- The value of any accrued, unused vacation and/or other personal time; and/or
- Any supplemental wages, such as lump-sum severance payments, commissions, stock options, or cash bonuses.
An employer should also check the terms of any applicable employer policy, employment contract and/or collective bargaining agreement in this regard, especially if state law is silent on what to include.
Step 3: Reconcile the Terms of Any Applicable Company Policies, Employment Contracts and/or Collective Bargaining Agreements
If there is an applicable employer policy, employment contract and/or collective bargaining agreement in addition to state law, the terms of each must be reconciled. The following three baseline rules should be kept in mind:
- An employer may follow a policy, contract or agreement that is more beneficial to the employee than state law, but not one that is less beneficial.
- If state law does not say what to include in final pay, the terms of any applicable policy, contract and/or agreement should be followed.
- If state law does not say what to include and there is no applicable policy, contract and/or agreement, the employee should be paid all wages earned up to the time of separation.
Step 4: Calculate Tax Withholding and Any Other Required or Permitted Deductions
The next step is to determine what must be deducted from the payment to arrive at the employee’s final take-home pay. These deductions generally include:
- Federal, state and local income taxes, and employment taxes (Social Security and Medicare/FICA taxes, and state unemployment and/or disability insurance taxes in some states);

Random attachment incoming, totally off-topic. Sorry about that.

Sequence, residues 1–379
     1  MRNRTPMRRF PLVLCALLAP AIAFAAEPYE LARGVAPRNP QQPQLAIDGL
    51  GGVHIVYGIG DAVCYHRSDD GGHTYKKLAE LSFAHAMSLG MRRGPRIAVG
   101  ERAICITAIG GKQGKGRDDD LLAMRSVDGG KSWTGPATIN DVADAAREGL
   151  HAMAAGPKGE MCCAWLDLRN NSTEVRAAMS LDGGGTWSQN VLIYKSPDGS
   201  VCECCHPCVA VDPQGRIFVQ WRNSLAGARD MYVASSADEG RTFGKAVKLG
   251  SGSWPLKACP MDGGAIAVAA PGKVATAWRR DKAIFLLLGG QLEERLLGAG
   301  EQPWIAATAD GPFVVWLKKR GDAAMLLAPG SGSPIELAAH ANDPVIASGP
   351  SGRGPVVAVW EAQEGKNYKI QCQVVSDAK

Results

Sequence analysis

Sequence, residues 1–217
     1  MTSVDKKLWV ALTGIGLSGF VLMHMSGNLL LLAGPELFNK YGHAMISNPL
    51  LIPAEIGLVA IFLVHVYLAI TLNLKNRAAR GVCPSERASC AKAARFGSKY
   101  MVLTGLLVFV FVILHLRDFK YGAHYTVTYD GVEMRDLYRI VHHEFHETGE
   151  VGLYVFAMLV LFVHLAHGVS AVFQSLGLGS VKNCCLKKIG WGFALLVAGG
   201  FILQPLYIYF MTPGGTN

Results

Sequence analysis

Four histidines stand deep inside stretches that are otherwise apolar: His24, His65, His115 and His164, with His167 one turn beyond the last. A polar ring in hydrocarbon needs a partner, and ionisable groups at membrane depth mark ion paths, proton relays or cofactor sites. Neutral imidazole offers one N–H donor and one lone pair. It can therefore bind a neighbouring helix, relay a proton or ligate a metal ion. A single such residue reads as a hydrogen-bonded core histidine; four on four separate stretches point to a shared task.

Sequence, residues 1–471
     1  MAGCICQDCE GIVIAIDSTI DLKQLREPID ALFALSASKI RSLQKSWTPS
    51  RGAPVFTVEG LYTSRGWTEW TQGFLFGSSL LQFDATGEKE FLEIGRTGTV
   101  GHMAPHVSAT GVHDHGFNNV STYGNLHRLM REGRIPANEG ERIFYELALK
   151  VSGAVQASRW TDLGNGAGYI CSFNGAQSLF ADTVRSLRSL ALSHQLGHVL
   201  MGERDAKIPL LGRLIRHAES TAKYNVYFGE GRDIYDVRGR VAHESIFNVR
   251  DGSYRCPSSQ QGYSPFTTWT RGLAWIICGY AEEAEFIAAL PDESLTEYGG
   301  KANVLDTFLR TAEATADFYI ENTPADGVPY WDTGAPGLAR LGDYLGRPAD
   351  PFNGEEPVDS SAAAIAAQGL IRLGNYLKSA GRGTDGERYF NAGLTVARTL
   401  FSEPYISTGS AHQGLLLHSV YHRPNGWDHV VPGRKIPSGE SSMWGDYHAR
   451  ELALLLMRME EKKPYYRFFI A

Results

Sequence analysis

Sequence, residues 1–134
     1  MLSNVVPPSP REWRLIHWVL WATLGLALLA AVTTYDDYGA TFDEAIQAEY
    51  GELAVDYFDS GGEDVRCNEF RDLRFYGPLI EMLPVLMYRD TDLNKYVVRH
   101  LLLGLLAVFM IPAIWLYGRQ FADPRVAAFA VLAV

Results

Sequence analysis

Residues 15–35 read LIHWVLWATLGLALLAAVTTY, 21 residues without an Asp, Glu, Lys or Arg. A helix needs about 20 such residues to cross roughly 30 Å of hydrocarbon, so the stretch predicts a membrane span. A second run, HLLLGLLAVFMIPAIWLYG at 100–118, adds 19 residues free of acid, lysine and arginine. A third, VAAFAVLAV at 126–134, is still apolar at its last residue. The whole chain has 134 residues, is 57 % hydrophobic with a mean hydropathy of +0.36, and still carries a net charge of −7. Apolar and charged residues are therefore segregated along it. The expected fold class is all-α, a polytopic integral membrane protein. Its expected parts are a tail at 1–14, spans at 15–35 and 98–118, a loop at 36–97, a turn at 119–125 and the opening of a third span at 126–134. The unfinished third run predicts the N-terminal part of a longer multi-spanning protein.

- Those required by law to be remitted to various government agencies or other authorities to satisfy certain types of unpaid debts (e.g., amounts owed for child support, garnishment, tax levies, bankruptcy orders, student loan debts);
- Those the employee has voluntarily chosen or agreed to have deducted (e.g., to pay for health and retirement plan benefits, union dues, charitable contributions); and
- Those the employer is permitted to make by state law with the employee’s consent and that would not violate minimum wage and/or overtime pay requirements (e.g., to pay for medical exams taken as a condition of employment or company uniforms, to recoup cash shortages or unrepaid pay advances).
Step 5: Choose the Payment Method
Employers usually make final payments via the state-law-authorized method they usually use to pay the particular employee (e.g., check, direct deposit or paycard).
However, if immediate payment is required for an involuntary termination, the terminated employee may have to be paid by paper check due to the lack of lead-time required for payment by direct deposit and paycard.
Note that the law in some states requires certain employees to be paid in person, or by mail to the employee’s last known address if the employee cannot be located, or at a certain location (e.g., on the farm or at the warehouse where the work was performed) if paying in cash or by paper check.